Production-wise, the large "home" plant complex in Fort Valley, Georgia served as both an in house part manufacturing plant for the entire organization, as well as one of the six locations where bodies were assembled from in house and purchased components. Parts and service were also located in Fort Valley, as was Wanderlodge Wayside Park, a tree-shaded motor home park for visiting Wanderlodges adjacent to the Wanderlodge plant.


In addition to school, activity, and commercial applications, Blue Bird buses have been custom-built for unique applications such as bloodmobiles (blood donation buses), mobile libraries, and public safety command centers.

School Buses

Current Product Line
Model Name Micro Bird by Girardin Vision All American
Photo A 2011 Blue Bird Micro Bird by Girardin. 2008 Blue Bird Vision 2010 Blue Bird All American FE on display at a transportation show.
Year Introduced 2010 2003 1948
Assembly Drummondville, Quebec, Canada
  • Fort Valley, Georgia
  • LaFayette, Georgia (2004–2010)
Fort Valley, Georgia

Type A

  • single rear wheel (MB-II)
  • dual rear wheel (G5)
Type C

Type D

  • front engine
  • rear engine
Chassis Manufacturer Ford Motor Company

General Motors

Blue Bird
Fuel Type(s)
  • Gasoline
  • Diesel
  • Diesel
  • Propane
  • Diesel
  • Compressed Natural Gas (CNG)
Passenger Capacity 10-30 36-77 54-90
Other Notes
  • Introduced for 2011 model year as part of Micro Bird, Inc. joint venture with Girardin.
  • Replaces Micro Bird
  • The Vision was introduced in 2004 and is currently in its second generation (introduced 2008).
  • The Vision uses an in-house chassis from Blue Bird.
  • The All American FE has been produced on a Blue Bird-designed chassis since 1952; the All American RE chassis has been produced by Blue Bird since 1988.
  • Current version (internally known as D3) introduced for 2010.
  • Known in export markets as the Blue Bird TX3; formerly known as the TC/3000 and All Canadian.[14]
Former Product Lines
Model Name Years Produced Assembly Configuration Chassis Supplier Notes
Micro Bird

Late 2000s Blue Bird Micro Bird on Chevrolet Express chassis

  • Fort Valley, Georgia
  • Mount Pleasant, Iowa
  • Brantford, Ontario, Canada
Type A
  • single rear wheel
  • dual rear wheel
Ford Motor Company

General Motors

  • Replaced with products from Micro Bird, Inc. joint venture with Girardin.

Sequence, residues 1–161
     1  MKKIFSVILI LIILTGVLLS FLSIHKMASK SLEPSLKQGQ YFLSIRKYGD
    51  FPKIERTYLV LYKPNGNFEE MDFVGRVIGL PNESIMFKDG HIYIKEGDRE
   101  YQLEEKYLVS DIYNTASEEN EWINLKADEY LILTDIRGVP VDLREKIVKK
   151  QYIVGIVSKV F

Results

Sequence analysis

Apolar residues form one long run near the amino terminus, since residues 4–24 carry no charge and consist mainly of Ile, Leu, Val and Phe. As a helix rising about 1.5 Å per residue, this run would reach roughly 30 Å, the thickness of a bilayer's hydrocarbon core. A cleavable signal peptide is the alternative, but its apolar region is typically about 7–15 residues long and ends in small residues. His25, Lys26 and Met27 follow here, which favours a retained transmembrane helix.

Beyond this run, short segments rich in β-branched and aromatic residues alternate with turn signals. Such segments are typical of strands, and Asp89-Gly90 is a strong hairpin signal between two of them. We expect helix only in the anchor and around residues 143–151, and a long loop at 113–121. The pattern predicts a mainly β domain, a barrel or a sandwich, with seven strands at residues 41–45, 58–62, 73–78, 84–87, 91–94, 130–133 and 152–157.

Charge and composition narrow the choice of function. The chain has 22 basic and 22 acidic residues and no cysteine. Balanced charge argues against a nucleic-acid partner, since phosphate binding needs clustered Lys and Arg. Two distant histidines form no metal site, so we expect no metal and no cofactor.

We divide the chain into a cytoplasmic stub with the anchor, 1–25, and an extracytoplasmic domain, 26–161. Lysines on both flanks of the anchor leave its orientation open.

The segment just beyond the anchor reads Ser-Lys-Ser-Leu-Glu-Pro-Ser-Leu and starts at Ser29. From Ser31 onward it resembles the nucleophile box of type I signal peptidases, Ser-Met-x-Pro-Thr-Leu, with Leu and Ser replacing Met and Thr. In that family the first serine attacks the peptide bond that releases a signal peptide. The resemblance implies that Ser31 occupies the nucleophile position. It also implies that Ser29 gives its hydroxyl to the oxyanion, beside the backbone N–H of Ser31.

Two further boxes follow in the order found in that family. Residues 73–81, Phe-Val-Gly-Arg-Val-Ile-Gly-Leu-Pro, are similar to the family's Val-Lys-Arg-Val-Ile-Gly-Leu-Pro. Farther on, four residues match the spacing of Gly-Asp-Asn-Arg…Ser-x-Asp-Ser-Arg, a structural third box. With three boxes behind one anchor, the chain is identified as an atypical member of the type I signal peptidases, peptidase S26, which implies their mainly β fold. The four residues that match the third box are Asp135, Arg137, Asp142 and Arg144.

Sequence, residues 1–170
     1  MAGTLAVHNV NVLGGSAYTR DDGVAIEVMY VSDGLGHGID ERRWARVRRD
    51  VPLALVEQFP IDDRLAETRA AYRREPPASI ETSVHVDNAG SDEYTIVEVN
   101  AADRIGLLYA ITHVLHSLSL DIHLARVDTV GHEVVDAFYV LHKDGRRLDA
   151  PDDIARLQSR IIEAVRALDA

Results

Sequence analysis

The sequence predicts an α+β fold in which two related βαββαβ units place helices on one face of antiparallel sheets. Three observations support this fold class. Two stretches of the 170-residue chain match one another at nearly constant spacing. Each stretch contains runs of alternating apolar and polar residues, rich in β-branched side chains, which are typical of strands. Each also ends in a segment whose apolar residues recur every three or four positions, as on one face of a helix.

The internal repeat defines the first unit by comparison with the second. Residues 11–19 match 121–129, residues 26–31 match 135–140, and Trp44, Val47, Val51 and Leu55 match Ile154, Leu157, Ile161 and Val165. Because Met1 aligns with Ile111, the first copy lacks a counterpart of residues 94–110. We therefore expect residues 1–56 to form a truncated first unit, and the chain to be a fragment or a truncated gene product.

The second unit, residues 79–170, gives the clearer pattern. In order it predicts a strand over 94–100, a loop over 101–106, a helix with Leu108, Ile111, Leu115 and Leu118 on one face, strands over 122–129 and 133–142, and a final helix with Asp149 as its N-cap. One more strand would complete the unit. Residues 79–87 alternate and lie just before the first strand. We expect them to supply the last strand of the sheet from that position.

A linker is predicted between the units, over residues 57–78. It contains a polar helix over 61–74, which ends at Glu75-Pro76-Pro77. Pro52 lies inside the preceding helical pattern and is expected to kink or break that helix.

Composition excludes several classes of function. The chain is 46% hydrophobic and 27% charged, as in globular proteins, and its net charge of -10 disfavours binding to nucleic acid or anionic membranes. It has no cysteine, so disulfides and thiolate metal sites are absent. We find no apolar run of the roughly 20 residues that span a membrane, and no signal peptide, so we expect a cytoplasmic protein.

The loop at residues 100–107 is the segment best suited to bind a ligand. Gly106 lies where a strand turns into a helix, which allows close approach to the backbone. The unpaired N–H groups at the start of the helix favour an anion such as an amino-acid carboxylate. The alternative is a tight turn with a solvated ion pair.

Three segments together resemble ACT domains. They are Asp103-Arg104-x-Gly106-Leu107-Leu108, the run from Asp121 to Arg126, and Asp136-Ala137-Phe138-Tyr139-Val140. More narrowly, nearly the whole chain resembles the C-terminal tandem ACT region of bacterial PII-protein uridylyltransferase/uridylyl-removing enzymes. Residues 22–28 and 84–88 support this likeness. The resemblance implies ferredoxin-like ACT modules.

• From 1992 to 1999, the Micro Bird was sold alongside Girardin-produced Blue Bird MB-II/MB-IV models.
  • From 1995 to 1996, a heavy-duty model using the Chevrolet P30 chassis was produced using modified Chevrolet G30 front bodywork.

late 1990s Blue Bird/Girardin MB-II

1992–1999 Drummondville, Quebec, Canada Type A
  • single rear wheel (MB-II)
  • dual rear wheel (MB-IV)
Ford Motor Company

General Motors

  • Introduced in Canada in 1991.
  • Produced by Canada's Girardin Minibus and distributed in the United States as Blue Bird-brand products[15]
  • MB-II continues in production and is now sold again as a Blue Bird (Micro Bird by Girardin)
Mini Bird

Late 1990s Blue Bird Mini Bird

  • Buena Vista, Virginia
  • Mount Pleasant, Iowa
Type B General Motors
  • Chevrolet P30
  • Mini Bird was the first Blue Bird marketed with special-needs customers in mind.
  • Featured the same body width 96 inches (2.4 m) as full-size Blue Birds.
CV200 & SBCV

Blue Bird CV200

  • to 2004
  • 1992-2003
  • 2005-2008
  • LaFayette, Georgia
  • Mount Pleasant, Iowa
  • Buena Vista, Virginia
  • Brantford, Ontario, Canada
  • Monterrey, Nuevo León, Mexico
Type C Chrysler Corporation
  • Dodge D-300 (to 1977)

DaimlerChrysler Corporation

Ford Motor Company

  • Ford B700 (1966–1998)

General Motors

International Harvester

Navistar International

  • CV200 replaced by Vision in 2003.
  • Blue Bird received exclusive use of General Motors Type C chassis from 1992 to 2003.
    • Known as Blue Bird CV200
  • Navistar 3300-chassis version was named Blue Bird SBCV.
TC/1000 1997–2001 Type D
  • front engine
  • front engine
  • rear engine
Blue Bird Corporation
  • Marketed primarily for special-needs customers
  • Front-engine version only; smaller than TC/2000
  • Flat-floor interior configuration

1988–1990 Blue Bird TC/2000 school bus (retired)